.ZIP file inclues Photoshop document for the stars.


  1. dip
    Permalink to comment#


  2. Super cool. Now all it needs is some javascript filckering stars.

    I gots me some parallex on my page now too!

  3. Permalink to comment#

    This is really CLEVER!
    It’s a shame that this superb effect only shows when resizing the page. :)

  4. I could be wrong but the only reason you need to use absolute positioning in this example is because you are doing the effect at the full height of the browser window, right? The Silverback site does not use images that are the full height of the browser window so there is no absolute positioning involved.

    Don’t forget that you could also apply the deepest background image to the html element itself eliminating one of the divs that only holds a background image.

    Nice experiment by the way…

  5. @chipgrafx: Partly right… it is because the elements need to be on top of one another. If you didn’t want to go full height on all of them, you could use a negative margin to push the other divs on top of one another and not need the absolute positioning.

  6. Permalink to comment#

    If you used negative margins to achieve the overlay, and a .png hack attack on IE, this could be pretty useful. Really cool trick Chris.

  7. Ah, yes. I just noticed the divs are separate. Why not just nest the foreground div inside the midground div? That seems it would result in a little less CSS.

  8. Nice Tutorial, I read about this the other day on Vitamin, they have a pretty cool tutorial too. It is a real shame that this can’t happen without resizing the browser like Flavia said.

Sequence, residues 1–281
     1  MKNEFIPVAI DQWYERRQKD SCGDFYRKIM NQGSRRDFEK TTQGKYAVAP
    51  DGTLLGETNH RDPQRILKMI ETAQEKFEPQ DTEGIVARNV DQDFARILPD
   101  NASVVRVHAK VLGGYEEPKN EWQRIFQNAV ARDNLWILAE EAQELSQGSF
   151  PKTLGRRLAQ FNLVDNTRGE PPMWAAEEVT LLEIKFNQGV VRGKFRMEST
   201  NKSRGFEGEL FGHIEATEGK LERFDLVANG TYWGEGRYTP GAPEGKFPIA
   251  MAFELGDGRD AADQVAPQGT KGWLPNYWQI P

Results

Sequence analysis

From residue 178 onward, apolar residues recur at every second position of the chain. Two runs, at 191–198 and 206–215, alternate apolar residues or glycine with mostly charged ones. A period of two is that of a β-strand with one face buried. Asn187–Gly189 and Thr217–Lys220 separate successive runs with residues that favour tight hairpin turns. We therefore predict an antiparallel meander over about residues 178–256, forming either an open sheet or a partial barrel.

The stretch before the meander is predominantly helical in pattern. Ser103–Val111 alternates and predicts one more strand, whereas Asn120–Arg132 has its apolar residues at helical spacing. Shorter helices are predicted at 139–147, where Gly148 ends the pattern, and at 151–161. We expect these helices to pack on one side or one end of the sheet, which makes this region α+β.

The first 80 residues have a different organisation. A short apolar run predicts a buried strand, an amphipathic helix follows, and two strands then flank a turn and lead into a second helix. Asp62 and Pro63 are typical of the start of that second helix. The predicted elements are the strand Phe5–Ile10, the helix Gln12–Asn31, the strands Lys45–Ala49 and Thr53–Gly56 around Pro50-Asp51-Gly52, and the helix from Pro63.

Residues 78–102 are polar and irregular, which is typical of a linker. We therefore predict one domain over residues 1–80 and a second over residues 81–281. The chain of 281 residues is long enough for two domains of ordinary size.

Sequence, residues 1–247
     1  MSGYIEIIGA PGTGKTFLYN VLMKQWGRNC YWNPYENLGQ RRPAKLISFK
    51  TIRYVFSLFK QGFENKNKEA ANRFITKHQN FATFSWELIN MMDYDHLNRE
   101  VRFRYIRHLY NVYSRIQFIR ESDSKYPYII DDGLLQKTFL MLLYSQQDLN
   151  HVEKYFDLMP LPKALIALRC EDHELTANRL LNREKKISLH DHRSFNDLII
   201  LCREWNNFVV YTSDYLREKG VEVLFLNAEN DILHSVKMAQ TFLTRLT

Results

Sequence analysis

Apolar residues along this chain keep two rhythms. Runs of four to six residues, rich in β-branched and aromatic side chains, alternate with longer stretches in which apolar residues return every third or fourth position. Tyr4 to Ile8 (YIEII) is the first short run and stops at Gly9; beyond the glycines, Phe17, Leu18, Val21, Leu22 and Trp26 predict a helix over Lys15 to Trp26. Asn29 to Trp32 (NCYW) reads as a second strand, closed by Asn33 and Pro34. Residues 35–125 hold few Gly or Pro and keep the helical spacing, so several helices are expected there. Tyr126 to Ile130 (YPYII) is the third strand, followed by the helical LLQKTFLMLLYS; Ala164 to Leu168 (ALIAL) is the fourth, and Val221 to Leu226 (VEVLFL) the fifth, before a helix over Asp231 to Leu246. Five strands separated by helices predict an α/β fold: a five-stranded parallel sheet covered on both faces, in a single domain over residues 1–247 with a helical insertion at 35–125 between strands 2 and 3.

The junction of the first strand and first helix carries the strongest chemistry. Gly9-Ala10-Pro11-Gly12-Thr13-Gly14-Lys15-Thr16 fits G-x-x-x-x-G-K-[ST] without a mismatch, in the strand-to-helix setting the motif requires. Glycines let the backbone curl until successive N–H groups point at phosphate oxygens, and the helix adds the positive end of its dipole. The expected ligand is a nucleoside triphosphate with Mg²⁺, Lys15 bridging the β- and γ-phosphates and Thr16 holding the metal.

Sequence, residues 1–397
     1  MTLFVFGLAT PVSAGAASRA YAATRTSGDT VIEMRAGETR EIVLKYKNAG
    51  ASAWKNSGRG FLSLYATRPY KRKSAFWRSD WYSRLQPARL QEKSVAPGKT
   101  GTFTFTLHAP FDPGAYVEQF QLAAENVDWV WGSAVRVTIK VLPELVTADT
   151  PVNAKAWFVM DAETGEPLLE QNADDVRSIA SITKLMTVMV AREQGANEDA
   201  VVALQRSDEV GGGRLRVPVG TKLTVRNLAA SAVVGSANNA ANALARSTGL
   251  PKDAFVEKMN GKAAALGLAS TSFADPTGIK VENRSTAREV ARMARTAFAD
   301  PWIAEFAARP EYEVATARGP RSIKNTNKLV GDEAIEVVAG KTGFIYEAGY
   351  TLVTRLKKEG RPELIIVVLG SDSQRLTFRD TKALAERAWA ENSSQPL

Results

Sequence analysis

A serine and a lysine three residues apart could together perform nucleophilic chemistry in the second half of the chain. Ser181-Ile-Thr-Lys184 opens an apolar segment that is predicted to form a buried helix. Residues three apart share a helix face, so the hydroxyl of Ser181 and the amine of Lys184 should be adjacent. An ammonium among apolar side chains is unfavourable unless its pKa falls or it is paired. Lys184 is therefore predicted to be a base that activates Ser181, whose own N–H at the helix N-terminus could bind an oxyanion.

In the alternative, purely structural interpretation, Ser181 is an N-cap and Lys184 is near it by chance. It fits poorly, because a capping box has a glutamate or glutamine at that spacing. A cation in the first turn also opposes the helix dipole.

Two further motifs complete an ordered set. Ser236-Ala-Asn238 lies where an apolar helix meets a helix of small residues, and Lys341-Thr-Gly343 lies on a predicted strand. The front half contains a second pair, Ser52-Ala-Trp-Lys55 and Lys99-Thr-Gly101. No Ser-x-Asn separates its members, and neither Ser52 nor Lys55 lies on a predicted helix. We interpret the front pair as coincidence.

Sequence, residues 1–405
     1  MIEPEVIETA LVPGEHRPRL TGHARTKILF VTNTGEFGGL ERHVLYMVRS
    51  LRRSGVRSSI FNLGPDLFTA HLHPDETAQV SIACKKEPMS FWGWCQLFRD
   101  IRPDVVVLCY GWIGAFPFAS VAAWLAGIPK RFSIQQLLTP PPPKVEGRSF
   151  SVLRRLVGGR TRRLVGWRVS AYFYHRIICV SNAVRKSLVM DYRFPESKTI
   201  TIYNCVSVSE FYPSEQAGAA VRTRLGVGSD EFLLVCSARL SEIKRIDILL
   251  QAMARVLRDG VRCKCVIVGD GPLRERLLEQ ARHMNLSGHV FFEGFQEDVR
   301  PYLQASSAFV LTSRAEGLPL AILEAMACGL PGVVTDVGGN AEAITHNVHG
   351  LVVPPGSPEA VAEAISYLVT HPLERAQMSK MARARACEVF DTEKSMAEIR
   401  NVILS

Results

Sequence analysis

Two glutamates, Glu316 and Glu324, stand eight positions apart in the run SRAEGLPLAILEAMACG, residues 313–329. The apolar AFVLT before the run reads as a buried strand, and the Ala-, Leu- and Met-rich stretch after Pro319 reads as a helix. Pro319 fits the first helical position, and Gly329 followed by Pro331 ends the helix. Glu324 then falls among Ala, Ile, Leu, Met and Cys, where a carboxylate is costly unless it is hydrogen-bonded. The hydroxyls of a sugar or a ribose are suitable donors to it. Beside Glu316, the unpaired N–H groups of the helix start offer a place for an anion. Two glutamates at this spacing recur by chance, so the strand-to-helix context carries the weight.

Maybe some javascript could be used to slowly alter the css if it was inline?

  9. Kevin Segedi
    Permalink to comment#

    I give this 2 thumbs up for coolness and a wavering hand for usefulness : ) – Noticed the nice IE warning but should it be &lt!–[if lt IE 7]>, lte means less than or equal to IE7, so I’m seeing the warning message in IE7 too. Regardless, it’s a good use of the conditional to display the message.

  10. Permalink to comment#

    Seriously, that is sweet, and sad that it’s not for IE6. I’m going to make that happen this weekend :)

  11. Permalink to comment#

    Oka, it can work in IE6 – it needs a little javascript flavor to make it “repeat” but at the same time, it can work. I’ll try to get a working example up this weekend.

  12. David
    Permalink to comment#

    This is very cool. But my question is how many users are actually gonna resize their windows while they’re browsing through your site? Things are not so cool when you have to scroll down the page. If we can get a similar effect to work during scrolls that’d be a much more useful effect. NO?

  13. Permalink to comment#

    Great job.

  14. this it’s cool :)

    werde ich bestimmt einem neuen projekt mal zur anwendung bringen

  15. can we do that using gif instead of png?

  16. Permalink to comment#

    Super cool. Now all it needs is some javascript filckering stars.

  17. Super cool

  18. Permalink to comment#

    An amazing effect!
    Thank you for this tutorial – I have translated it in german (I hope this is ok?) and you’ll find it in my blog

    The link to the example-download is not working – I think you have the zip-file one directory higher than linked.